ALMEDIA­­­ - There was a time when the reputation of Mount Carmel football was so intimidating that the turning point in many games for the Red Tornadoes came when their bus arrivied for a game.

Those times are mostly gone as opponents have raised the level of their programs over the years to the point where they welcome the opportunity to knock off the Tornadoes. Clearly, that was the way Central Columbia played Friday in the District 4 Class AA quarterfinals, playing the visiting Tornadoes even for a half and remaining within striking distance through three quarters.

Mount Carmel then dug down and came through the way one would expect of a defending district champion, breaking a scoreless tie with 3:24 left in the third quarter and pulling away for a 17-0 victory. Although the Tornadoes (7-4) entered the tournament as the No. 7 seed, coach Carm DeFrancesco said they believed they could make a run at another title if their defense came around.

Against the Blue Jays (7-4), who also lost on their home field in Week 6 to the Tornadoes in a 34-14 shootout, the defense came around. That defense, a balanced offense that got two, 1-yard touchdown runs by quarterback Zach Wasilewski and a 23-yard field goal by Rob Varano was more than enough for the Tornadoes.

Luke Klingerman helped the Tornadoes control the ball with a 65-29 advantage in plays by rushing 32 times for 131 yards. Wasilewski completed 7-of-12 passes for 75 yards, including four to Varano for 47.

Mount Carmel also pulled a surprise by allowing 6-foot-4, 265-pound tight end Eric Joraskie to play fullback. His blocking led the way for several key first-down runs by Klingerman, and he carried six times for 35 yards.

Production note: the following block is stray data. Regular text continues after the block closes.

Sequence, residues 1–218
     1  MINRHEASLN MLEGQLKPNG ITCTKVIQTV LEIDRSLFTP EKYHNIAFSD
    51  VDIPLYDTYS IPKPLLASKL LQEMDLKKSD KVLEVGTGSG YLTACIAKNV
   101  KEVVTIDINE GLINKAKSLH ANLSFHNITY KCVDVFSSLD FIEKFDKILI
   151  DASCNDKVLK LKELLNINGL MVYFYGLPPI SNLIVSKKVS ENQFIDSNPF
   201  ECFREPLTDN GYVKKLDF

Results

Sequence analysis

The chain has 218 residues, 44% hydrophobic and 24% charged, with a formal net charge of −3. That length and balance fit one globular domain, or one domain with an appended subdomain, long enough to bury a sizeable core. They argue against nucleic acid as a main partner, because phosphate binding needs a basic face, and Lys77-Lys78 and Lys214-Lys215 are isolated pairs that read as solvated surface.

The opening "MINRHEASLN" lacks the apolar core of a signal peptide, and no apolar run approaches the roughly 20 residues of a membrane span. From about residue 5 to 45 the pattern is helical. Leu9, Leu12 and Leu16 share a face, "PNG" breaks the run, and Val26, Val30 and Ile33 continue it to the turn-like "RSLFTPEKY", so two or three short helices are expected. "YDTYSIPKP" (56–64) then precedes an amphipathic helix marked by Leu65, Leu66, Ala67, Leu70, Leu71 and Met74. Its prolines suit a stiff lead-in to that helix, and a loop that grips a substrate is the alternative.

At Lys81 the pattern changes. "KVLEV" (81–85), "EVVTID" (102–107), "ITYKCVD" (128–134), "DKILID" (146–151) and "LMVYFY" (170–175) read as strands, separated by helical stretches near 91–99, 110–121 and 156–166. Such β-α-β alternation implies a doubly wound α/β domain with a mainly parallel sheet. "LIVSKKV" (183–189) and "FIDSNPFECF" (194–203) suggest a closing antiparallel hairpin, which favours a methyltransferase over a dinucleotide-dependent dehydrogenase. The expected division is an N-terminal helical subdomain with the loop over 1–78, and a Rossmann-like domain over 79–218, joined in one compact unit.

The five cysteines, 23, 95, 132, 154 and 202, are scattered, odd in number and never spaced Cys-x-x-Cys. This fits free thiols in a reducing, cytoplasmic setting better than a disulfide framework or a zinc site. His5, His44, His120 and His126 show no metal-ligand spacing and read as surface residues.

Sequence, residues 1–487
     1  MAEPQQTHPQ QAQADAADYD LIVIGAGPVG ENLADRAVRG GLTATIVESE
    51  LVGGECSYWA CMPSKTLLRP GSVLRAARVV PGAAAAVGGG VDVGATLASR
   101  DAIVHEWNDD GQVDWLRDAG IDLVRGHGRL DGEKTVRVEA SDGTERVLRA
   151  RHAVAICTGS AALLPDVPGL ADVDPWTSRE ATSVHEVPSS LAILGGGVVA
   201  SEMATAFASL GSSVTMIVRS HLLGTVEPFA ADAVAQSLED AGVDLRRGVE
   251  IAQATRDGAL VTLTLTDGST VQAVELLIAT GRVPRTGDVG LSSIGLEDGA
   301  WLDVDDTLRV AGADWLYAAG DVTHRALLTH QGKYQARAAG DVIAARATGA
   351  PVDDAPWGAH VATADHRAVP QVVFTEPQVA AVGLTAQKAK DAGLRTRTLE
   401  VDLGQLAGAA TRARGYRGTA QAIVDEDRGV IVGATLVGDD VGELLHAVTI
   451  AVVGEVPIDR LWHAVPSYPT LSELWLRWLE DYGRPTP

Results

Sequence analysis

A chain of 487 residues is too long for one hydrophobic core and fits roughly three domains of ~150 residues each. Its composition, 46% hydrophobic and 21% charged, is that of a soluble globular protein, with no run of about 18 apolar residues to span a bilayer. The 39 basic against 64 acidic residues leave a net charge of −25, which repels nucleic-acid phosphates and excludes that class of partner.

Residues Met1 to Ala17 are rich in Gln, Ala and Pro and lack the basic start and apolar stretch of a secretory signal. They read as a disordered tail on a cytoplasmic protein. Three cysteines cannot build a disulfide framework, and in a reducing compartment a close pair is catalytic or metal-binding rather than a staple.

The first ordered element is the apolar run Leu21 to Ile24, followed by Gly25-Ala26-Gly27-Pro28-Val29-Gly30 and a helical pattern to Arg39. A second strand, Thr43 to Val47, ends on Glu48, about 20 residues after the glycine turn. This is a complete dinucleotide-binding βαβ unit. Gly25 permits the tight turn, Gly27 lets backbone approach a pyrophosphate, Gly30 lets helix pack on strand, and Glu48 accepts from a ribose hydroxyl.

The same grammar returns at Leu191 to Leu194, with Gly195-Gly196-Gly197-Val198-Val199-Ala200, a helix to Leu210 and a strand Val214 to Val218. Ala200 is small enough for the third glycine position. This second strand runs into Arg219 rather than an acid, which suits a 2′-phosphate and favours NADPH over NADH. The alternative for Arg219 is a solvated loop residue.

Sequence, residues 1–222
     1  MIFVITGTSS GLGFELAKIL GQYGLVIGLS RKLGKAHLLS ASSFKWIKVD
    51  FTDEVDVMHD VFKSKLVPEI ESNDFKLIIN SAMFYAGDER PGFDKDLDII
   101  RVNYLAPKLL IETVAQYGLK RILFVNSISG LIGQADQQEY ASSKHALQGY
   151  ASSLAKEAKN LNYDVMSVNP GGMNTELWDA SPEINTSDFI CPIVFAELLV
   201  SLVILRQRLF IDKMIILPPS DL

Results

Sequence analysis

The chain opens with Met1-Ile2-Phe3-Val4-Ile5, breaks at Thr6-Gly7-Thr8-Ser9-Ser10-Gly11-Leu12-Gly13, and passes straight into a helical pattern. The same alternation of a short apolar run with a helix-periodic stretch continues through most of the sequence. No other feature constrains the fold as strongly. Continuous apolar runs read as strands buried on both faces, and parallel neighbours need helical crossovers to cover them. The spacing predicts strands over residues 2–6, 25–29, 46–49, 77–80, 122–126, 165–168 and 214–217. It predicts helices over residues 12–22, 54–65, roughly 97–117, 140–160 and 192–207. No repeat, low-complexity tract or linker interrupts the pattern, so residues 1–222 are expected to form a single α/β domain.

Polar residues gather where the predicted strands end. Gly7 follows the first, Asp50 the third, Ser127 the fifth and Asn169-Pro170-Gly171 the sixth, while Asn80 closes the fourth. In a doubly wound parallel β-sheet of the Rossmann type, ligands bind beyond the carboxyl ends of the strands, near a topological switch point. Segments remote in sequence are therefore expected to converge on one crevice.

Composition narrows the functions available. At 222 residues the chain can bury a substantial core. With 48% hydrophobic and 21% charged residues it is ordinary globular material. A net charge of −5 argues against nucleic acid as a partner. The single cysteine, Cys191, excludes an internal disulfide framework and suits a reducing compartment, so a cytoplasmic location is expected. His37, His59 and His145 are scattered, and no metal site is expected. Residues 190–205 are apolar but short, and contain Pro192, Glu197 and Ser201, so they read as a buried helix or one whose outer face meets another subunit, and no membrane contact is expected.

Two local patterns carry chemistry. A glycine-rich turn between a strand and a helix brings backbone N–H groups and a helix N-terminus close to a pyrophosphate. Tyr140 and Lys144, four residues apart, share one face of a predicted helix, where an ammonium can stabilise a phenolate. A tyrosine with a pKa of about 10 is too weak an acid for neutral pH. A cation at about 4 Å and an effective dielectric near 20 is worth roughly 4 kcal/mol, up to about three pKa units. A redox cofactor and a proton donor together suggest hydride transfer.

"Our defensive coaches put together a solid game plan and our kids performed," DeFrancesco said. "Some expected this to be high scoring, but it's why you play the games.

"We knew they would play us a lot tougher the second time, and it's tough to beat a team two times in a season. Joraskie had been telling the coaches he had played fullback in midget football, and it's like, well everyone plays fullback in the midgets.

"Still, we started to fool around with some things in practice, mostly using him as a blocker, and we decided to let him run the ball a little bit. One thing we have with this team is that the players and coaches are very receptive to trying something new."

Central, which returned to the playoffs for the first time in eight years, but ended the season on a three-game losing streak, was unable to run early and then looked to pass almost exclusively after falling behind. Quarterback Jordan Thivierge completed 7-19 passes for 112 yards, but two of the completions were to Dylan Hine for 85 yards.

Meanwhile, the Jays were limited to a net of 2 yards on 10 rushes, including a sack of Thivierge and a team loss of minus-4 yards that resulted in a lost fumble. Their only scoring threat came on a 58-yard reception by Hine to the 15 on the game's second play, but they gave the ball up on a punt after being set back by a 15-yard penalty.

"Listen, we weren't going to run the ball against their inside three up front, and Joraskie is just one heck of a football player," Central coach Jason Hippenstiel said. "We shot ourselves in the foot when we had a chance to do something, and that team is just going to keep coming at your."

Mount Carmel scored on its second possession of the second half, getting a 33-yard run to the 23 by Bobby Beierschmitt on first down. A 10-yard pass from Wasilewski to Joraskie moved the ball to the 15, and after Wasilewski got 3 yards on fourth-and-1, he scored four plays later to complete a nine-play, 56 yard drive.

Midway through the fourth quarter the Tornadoes took possession at the Central 38 after a 23-yard punt and moved the ball to the 5. On fourth-and-goal, Varano kicked his 23-yard field goal with 6:34 left.

Danny Lesko intercepted the ball at the 35 on Central's first play after the field goal and returned the ball 12 yards to the 23. Six plays later, Wasilewski capped the drive with his second quarterback keeper.

"All I can say is that at halftime this team found the heart of a champion and played that way in the second half," DeFrancesco said. "It's like we told these guys, they're the district champs until someone beats them."